On 31 May 2016, by request of the Regional Court of Cologne, the European Court of Justice (ECJ) defined the correct interpretation to be given to the concept of “communication to the public” of copyright works (case C-117/15).


The issue arose in the context of proceedings started by GEMA, the company entrusted with the collective management of copyright in the musical sector in Germany, against a German rehab facility. To the company at issue the broadcasting of TV programmes including songs belonging to its repertoire, carried out through TVs set within some premises of the facility, constituted a “communication to the public”, both under article 3(1) of Directive 2001/29/EC on the harmonisation of copyright and related rights in the information society, with the effect that such a transmission would require its authorisation, and under article 8(2) of Directive 2006/115/EC on certain rights related to copyright in the field of IP, under which the facility at issue would have to pay an equitable remuneration to performers and producers of phonograms of such TV programmes.

The Regional Court of Cologne asked the ECJ for the correct interpretation to be given to the concept of “communication to the public” provided by the above-mentioned rules, given an earlier ECJ ruling in the same field (case C-135/10), which, in its view, would prevent the broadcasting of the TV programmes at issue from being qualified as a “communication to the public”. In that earlier case, in fact, the ECJ had excluded that the broadcast of phonograms in a dental practice could constitute a communication to the public, on the grounds that customers of the latter constituted a “private group” consisting of a small number of people; it had also pointed out the absence of a profit-making purpose in such a broadcasting, since customers generally choose their dental practices for their medical services, without taking into account additional services such as the broadcasting of phonograms.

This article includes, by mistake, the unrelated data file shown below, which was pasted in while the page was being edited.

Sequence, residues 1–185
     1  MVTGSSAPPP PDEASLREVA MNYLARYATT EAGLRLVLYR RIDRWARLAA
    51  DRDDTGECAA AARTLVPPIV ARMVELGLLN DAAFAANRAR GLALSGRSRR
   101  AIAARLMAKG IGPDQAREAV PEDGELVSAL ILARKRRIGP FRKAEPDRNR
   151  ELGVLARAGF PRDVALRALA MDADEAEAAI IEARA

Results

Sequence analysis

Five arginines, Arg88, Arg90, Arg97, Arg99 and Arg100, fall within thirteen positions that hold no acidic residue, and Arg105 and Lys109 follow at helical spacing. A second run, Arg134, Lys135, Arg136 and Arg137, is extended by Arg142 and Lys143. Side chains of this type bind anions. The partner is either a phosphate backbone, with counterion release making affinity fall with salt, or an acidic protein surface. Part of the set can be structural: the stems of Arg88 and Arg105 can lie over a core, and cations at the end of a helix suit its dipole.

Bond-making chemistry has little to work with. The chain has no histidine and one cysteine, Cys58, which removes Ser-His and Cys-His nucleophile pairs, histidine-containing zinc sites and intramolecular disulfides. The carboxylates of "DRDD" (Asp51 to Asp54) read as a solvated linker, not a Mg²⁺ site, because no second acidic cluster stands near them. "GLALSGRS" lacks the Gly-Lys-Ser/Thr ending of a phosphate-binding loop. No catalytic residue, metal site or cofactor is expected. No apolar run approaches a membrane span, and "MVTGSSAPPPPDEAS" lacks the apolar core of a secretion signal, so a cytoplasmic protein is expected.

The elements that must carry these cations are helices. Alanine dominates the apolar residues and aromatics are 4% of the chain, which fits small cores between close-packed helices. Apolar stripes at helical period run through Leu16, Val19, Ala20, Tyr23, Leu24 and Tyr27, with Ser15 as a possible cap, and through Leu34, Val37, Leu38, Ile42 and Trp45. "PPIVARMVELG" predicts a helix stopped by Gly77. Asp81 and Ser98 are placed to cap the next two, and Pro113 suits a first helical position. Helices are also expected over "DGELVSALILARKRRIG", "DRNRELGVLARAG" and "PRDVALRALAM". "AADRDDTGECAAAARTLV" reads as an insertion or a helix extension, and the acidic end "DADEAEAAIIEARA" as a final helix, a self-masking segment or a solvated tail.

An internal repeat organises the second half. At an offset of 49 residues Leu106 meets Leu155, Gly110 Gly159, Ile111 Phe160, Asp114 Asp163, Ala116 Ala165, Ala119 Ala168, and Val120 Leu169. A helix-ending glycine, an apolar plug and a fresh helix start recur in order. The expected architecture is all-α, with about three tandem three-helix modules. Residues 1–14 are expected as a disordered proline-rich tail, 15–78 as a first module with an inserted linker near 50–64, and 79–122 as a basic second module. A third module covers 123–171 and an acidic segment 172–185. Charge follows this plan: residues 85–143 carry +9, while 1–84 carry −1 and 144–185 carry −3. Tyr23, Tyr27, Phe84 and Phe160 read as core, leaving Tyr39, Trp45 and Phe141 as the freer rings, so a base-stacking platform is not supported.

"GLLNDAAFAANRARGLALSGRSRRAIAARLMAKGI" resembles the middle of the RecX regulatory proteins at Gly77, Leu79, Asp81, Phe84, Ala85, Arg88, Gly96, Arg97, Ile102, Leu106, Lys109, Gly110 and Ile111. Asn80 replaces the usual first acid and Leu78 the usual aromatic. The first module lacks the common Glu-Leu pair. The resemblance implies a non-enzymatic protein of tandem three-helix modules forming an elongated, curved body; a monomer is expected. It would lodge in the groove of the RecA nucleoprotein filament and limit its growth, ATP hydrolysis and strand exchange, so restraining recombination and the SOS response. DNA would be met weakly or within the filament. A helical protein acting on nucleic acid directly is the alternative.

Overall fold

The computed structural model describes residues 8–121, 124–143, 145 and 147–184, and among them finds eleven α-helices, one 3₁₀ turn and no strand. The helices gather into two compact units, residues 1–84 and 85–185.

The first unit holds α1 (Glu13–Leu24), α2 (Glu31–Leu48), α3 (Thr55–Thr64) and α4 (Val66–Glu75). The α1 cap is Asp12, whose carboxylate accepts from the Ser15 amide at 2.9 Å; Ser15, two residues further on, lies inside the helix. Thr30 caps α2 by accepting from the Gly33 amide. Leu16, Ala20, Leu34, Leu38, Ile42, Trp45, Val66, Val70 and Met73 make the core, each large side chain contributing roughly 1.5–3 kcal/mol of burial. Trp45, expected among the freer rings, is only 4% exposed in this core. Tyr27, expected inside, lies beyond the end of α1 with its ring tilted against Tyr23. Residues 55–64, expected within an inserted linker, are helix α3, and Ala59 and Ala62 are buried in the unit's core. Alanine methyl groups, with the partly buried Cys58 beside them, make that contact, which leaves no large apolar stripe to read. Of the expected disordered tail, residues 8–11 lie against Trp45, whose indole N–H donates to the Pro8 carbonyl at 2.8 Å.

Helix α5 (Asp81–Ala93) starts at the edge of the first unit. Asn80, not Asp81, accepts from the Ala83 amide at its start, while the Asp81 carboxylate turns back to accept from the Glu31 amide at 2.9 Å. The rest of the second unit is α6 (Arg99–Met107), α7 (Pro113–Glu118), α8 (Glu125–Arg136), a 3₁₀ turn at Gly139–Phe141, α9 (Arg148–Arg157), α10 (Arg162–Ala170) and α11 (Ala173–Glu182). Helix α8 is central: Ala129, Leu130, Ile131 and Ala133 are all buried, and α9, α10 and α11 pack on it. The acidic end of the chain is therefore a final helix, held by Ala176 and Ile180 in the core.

In the decision under review, the ECJ first noted that a communication to the public should have two elements: an “act of communication” – i.e. any transmission of the protected works, irrespective of the technical means or process used – and a “public” to which such transmission is directed.

With reference to this second element, it stated that: i) “public” means an indeterminate and large number of potential recipients; ii) such public has to be “new”, i.e. “a public that was not taken into account by the authors of the protected works when they authorised their use by the communication to the original public”, the latter consisting of all the owners of reception equipment who, personally or within their own private or family circles, benefit from the broadcasted protected works; iii) the potential profit produced by the broadcasting – such as the economic benefit arising from the greater number of people attending the establishment in which broadcasting takes place – although it does not determine whether a transmission should be categorised as a communication to the public, it is however useful “for the purpose of determining any remuneration due in respect of that transmission”.

In light of the above, the ECJ stated that the transmission at issue – contrary to the dental practice case – constituted a communication to the public, on one hand, because the TV broadcasting, deliberately put in place by the facility, is definitely an act of communication; on the other because, as for customers of pubs, restaurants, hotels or spas – cases already defined by the ECJ’s decisions oriented in the same direction – the patients of a rehab facility are “persons in general”, not being a small number of people belonging to a private group, and, at the same time, they constitute a “new” group of people insofar as they were not taken into account by the holders of copyright on the TV programmes at issue when the latter had authorised their original broadcasting.

In the end, the European Judges noted the profit-making nature of such a communication, stating that the TV programme broadcasting put in place by the rehab facility to its patients “constitutes the supply of additional services which, while not having any medical benefit, does have an impact on the establishment’s standing and attractiveness, thereby giving it a competitive advantage”. Thus, such a profit-making nature will have to be considered by the Cologne Regional Court when determining the amount of remuneration the facility owes to GEMA.